electric wheelchair snow

Electric Wheelchairs: A Cautionary Tale to Those Hyping Electric Vehicles

People who depend on electric wheelchairs have a unique perspective as to the challenges that will face a nation that becomes increasingly tied to electric vehicles (EVs).

Recently the EPA announced new emissions rules designed to aggressively push the country toward EVs. While some Americans may prefer EVs, these vehicles are not a good fit for many Americans — for many reasons, but especially those related to cost, human rights and unreliability.

Melissa Ortiz

Melissa Ortiz

Melissa Ortiz of the National Center’s Able Americans Project can speak authoritatively to the latter.  In an American Thinker commentary, she writes:

People with disabilities who use wheelchairs could technically be called the first drivers of electric vehicles.  Electric wheelchairs have been in wide use since the 1950s.  Users know firsthand the blessings and hazards of anything that runs on a battery.  Being able to go where one wishes regardless of physical ability is a true blessing.  But getting stuck in the cold or rain when a battery will not operate at full power is a hazard….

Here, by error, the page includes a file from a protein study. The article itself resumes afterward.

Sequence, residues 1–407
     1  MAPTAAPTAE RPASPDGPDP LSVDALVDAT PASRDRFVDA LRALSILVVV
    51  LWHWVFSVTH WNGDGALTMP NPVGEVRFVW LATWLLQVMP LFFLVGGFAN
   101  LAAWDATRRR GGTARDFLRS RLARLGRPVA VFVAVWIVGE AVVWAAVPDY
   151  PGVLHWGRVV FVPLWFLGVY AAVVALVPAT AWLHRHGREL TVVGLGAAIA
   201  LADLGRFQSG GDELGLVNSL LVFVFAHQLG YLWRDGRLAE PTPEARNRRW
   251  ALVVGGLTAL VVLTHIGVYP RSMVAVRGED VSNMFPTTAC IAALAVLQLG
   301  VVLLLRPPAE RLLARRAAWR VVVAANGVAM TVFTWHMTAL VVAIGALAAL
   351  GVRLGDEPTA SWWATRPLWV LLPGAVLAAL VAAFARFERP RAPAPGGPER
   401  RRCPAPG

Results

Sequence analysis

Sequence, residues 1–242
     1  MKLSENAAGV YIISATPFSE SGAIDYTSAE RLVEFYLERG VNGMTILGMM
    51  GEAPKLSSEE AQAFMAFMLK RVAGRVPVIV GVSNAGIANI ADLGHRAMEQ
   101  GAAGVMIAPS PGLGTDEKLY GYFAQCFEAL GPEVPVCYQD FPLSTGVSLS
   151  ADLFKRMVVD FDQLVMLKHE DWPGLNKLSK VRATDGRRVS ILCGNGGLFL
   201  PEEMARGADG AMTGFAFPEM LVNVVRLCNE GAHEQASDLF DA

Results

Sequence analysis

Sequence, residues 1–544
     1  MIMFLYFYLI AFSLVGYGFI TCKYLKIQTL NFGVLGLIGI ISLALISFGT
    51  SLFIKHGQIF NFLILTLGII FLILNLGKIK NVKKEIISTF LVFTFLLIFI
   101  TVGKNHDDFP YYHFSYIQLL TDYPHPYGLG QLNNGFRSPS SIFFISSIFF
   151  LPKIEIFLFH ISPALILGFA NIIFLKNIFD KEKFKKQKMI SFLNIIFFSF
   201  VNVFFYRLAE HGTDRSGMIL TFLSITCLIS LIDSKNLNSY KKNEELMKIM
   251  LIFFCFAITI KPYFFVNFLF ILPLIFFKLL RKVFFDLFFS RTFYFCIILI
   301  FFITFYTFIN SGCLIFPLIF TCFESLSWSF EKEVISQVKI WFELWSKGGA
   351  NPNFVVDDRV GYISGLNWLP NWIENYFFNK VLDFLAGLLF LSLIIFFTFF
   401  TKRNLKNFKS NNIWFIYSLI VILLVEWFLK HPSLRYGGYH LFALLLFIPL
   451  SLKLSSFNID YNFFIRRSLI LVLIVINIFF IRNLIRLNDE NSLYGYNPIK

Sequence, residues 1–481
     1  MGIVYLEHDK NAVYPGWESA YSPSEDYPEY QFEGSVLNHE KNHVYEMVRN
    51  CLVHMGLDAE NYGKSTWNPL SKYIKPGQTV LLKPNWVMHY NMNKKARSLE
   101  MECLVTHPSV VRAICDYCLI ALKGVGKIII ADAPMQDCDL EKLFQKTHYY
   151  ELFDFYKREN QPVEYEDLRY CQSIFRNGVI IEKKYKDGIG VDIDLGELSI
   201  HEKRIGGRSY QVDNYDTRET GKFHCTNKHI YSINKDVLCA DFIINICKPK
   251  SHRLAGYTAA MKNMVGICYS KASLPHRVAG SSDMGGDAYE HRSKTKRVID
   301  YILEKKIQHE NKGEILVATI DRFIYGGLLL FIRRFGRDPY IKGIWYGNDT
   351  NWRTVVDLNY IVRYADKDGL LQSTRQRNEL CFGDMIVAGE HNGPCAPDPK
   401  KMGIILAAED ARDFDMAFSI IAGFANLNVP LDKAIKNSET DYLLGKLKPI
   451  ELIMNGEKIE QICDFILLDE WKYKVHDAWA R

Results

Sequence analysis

What’s going to happen in the coming summer, when predicted brownouts occur because the existing grid cannot handle the needed electricity to power homes and offices, let alone electric vehicles?  It will be a telling vision of the future when the proposed transition to electric is complete.  Not everyone owns his own generator to charge vehicles when solar and wind can’t produce the necessary energy.

Read Melissa’s entire commentary here.

The National Center for Public Policy Research is a communications and research foundation supportive of a strong national defense and dedicated to providing free market solutions to today’s public policy problems. We believe that the principles of a free market, individual liberty and personal responsibility provide the greatest hope for meeting the challenges facing America in the 21st century.